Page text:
Ben’s Burgers

Sharing a Culture of Food

Ben and Nick Chiu, the brothers behind Ben’s Burgers in the Valley, Brisbane have no real background in food – aside from loving it!

Working in the retail industry with his high-end streetwear store, Apartment, but having a real knack for home cooking, Ben Chiu decided to make the transition into food.

“The concept was heavily influenced from our backgrounds and roots in our retail endeavours,” explains Chiu.

“Travelling the world on our buying trips allowed us to see how food is really another extension of the street wear niche that we are a part of. It’s just another interest that brings a group of people together”.

“The idea for Ben’s was very much about creating another way for us to share the culture we love with an even wider audience while making sure we carried over our ethos of stripping back the unnecessary and providing the finest quality.”

Chiu says they had a pretty good idea when they first launched of what they wanted on their menu, so it was just a matter of tweaking it slightly to get the right ingredients.

They are firm believers in the philosophy: ‘do one thing and do it very well’.

Ben’s Burgers have a simple menu of three burgers, which includes a classic burger, a special burger and a vegetarian option. There are chilli fries, a daily salad and a small selection of extras that can be added to your burger to jazz it up.

“All of our meat and veg are sourced from local suppliers, pretty much everything coming from within Queensland. Our bread comes from a small suburban bakery that makes them especially for us.”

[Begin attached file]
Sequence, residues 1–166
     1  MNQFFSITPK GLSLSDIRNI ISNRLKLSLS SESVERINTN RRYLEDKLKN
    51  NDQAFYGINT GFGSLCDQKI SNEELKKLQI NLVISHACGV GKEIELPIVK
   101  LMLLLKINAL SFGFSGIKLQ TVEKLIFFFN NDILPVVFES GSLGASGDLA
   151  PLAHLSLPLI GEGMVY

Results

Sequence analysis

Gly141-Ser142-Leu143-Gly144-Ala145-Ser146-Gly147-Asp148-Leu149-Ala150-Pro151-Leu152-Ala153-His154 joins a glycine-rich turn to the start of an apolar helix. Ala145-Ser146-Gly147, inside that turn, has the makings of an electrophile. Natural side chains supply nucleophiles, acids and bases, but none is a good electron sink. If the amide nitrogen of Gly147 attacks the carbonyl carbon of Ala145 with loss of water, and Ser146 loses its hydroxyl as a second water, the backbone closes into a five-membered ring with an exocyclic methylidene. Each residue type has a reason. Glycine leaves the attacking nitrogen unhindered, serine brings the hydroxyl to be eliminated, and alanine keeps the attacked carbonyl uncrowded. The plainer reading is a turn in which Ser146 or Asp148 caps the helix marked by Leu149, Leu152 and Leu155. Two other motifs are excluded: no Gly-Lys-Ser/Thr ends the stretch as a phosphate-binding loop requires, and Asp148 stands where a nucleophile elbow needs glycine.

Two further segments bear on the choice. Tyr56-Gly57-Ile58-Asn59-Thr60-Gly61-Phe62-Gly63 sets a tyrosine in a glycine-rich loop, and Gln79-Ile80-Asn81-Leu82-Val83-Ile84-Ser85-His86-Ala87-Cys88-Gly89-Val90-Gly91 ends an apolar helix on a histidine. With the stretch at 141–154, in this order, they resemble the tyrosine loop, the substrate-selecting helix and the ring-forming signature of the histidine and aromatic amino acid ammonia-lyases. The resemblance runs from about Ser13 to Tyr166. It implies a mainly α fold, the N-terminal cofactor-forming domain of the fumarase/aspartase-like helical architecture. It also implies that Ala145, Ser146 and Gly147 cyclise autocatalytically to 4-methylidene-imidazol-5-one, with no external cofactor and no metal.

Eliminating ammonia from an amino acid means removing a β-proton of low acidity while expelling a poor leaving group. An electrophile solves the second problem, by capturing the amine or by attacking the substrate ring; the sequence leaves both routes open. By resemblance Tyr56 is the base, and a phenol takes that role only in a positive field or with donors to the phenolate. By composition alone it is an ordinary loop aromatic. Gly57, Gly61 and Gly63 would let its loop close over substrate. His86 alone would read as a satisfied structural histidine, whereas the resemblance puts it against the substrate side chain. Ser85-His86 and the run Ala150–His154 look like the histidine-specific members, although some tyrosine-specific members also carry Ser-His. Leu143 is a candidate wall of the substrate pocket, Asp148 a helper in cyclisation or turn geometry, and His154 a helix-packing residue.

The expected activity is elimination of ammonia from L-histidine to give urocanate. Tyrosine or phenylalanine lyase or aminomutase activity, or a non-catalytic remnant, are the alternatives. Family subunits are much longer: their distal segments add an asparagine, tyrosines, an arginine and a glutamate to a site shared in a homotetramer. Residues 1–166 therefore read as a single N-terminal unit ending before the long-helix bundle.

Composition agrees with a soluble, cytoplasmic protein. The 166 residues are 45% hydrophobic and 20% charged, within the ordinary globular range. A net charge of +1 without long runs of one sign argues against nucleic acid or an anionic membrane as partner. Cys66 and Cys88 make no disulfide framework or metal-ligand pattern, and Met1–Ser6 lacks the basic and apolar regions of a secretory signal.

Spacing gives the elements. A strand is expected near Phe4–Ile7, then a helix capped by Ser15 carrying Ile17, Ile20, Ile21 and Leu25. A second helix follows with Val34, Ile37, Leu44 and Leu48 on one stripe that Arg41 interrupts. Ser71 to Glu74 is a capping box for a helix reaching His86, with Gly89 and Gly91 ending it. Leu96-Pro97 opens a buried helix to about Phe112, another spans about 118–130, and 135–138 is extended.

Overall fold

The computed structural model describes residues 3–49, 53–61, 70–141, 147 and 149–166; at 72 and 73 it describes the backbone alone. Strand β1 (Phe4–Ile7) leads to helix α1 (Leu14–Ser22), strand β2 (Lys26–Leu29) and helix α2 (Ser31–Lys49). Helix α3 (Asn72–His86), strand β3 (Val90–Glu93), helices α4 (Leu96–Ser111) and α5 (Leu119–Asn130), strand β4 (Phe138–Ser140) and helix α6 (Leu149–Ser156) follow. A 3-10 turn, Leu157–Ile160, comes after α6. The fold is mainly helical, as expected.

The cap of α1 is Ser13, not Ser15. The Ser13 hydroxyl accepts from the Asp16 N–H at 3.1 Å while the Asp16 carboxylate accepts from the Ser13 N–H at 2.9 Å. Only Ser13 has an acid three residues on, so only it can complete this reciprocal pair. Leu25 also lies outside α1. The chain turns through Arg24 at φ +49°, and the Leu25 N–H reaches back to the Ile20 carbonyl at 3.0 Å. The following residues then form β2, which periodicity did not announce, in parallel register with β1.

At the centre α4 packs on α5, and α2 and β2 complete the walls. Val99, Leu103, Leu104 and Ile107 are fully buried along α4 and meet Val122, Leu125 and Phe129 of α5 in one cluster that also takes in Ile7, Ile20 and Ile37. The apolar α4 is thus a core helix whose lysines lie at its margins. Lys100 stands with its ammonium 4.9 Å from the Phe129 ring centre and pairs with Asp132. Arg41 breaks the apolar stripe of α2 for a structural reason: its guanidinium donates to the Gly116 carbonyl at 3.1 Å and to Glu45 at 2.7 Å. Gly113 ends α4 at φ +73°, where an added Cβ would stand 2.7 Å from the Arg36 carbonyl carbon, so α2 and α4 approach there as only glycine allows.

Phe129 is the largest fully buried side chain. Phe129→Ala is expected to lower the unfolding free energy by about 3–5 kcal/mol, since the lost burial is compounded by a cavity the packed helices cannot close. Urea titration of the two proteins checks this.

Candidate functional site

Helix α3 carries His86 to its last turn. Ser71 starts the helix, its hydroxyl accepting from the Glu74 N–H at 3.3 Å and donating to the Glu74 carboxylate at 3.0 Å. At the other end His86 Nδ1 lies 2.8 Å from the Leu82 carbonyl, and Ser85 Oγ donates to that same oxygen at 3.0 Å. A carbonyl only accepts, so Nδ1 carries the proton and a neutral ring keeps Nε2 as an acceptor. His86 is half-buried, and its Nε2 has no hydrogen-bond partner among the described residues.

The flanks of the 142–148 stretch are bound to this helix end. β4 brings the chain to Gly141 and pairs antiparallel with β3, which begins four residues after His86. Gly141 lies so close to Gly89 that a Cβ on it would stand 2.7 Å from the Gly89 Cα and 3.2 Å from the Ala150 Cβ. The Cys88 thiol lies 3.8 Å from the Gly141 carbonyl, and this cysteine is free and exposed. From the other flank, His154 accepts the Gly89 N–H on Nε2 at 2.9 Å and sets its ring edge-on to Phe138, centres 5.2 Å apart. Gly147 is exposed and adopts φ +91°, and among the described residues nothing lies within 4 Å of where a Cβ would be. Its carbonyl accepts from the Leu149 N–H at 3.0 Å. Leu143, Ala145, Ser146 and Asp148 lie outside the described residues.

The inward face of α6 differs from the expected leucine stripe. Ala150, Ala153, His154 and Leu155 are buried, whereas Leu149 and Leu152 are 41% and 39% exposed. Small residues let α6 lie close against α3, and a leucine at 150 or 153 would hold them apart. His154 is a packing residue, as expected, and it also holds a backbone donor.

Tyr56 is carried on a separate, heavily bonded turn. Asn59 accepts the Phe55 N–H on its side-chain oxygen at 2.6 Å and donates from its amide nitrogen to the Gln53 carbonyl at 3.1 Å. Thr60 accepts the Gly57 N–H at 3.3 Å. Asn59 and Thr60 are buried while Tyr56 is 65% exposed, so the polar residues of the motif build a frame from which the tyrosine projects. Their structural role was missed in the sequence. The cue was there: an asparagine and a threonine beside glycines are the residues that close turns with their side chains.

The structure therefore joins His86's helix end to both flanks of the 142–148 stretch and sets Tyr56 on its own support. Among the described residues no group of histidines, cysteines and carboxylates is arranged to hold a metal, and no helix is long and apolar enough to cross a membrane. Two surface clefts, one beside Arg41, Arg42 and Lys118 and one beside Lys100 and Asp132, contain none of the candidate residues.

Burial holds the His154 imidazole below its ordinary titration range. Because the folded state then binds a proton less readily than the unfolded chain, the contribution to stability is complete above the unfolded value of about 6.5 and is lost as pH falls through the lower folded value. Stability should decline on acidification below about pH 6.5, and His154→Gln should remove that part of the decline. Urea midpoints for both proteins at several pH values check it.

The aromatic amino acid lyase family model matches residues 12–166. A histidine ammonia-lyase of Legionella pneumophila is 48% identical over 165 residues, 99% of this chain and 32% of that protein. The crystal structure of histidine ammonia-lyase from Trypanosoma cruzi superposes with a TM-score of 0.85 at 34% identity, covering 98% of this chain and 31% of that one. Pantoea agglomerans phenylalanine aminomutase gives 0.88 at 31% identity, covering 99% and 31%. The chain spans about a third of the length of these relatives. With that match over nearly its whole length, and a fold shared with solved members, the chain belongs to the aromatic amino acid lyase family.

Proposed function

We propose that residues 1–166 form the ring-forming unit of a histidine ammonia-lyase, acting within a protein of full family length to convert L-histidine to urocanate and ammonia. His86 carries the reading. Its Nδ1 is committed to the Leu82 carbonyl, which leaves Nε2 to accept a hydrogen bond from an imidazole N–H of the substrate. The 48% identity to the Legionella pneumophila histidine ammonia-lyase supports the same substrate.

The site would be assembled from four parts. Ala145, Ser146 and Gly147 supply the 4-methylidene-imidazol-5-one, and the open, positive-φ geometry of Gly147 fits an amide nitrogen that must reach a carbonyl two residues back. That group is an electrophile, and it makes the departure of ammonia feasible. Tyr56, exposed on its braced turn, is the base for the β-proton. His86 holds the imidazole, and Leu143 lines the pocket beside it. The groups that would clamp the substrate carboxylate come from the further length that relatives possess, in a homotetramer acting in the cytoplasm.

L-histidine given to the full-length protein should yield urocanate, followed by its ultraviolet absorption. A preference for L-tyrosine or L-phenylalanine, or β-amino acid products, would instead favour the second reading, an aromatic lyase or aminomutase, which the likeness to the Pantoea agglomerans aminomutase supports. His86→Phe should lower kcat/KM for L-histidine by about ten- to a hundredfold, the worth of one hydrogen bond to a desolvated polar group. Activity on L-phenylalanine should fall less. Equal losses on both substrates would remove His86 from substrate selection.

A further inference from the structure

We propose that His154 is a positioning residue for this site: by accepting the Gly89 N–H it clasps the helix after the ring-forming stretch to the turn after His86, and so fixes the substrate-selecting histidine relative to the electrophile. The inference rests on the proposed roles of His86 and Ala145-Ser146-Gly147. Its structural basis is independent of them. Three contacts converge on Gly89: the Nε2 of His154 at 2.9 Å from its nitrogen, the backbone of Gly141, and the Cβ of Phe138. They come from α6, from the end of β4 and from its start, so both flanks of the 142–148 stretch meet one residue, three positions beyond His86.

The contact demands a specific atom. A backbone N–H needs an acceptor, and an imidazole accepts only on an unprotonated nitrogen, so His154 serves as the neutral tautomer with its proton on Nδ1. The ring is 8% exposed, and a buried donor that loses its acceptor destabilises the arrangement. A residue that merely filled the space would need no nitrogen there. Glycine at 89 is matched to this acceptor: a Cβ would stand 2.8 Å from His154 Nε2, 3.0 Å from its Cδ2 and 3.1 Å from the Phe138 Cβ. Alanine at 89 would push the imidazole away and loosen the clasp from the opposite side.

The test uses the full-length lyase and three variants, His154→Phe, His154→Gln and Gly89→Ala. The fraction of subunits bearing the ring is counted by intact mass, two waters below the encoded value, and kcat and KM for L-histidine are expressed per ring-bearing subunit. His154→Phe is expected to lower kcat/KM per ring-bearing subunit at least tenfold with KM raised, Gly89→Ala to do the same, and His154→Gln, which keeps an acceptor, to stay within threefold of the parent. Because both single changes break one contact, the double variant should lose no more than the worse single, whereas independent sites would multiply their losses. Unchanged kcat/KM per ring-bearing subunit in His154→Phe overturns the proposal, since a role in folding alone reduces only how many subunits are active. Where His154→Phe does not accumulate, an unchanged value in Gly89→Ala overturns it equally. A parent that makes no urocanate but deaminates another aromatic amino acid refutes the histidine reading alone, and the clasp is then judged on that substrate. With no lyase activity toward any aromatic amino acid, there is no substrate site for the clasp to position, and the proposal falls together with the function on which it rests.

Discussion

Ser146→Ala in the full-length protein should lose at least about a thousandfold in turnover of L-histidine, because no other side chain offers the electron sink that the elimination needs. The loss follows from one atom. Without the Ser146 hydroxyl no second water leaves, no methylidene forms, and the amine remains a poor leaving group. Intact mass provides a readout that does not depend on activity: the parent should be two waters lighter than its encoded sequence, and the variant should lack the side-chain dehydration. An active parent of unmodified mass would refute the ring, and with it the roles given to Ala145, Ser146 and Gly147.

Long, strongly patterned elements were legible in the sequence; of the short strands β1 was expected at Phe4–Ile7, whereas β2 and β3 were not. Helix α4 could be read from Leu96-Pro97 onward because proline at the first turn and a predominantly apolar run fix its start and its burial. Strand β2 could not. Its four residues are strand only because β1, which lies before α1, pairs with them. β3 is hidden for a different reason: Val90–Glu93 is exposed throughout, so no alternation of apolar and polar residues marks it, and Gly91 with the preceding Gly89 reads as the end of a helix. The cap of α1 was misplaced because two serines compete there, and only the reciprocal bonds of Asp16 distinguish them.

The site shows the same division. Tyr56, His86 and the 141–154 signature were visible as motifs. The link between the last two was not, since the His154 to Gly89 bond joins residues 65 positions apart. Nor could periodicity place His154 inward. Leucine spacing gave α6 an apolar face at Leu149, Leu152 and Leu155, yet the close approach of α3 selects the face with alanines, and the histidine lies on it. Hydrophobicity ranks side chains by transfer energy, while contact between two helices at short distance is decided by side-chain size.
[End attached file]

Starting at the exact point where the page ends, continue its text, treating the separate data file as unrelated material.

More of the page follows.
Chiu says that for him, the ultimate burger sin is eating a burger with cutlery.

“Burgers need to be eaten whole and by hand. There are always napkins for people who make a mess and if you have trouble with big burgers then you’re just going to have to take a lot of small bites rather than trying to fit your mouth around the whole thing.”

Aside from simplicity, the main aim of the game for Chiu is getting the right balance within a burger. He says the sauce shouldn’t overpower the flavours of the meat and salad and the bun should be super soft and hold up till the very end (even with the juiciest of patties).

“It’s never great if the bun disintegrates and you’re left with just meat or if there is not enough meat for the size of the bun,” laments Chiu.

“Down to the last bite you should still be getting a taste of all the ingredients.”

Winn St, Fortitude Valley QLD 4006

‘Amy treks around Melbourne checking out all the latest culinary trends. To read more interviews with industry experts and find out the latest foodie news, visit: http://tradingplates.com.au/

This article first appeared in the Australia Times Gourmet Magazine.

Published by

Amy Foyster

Bio: I am a journalist/ content producer with a strong interest in all forms of communication. I write engaging copy, produce creative content and work well in a team to ensure we smash our ultimate goals. Writing about Melbourne’s restaurants and cafes is a passion of mine - drop me a line to find out more! Website: Amy Foyster

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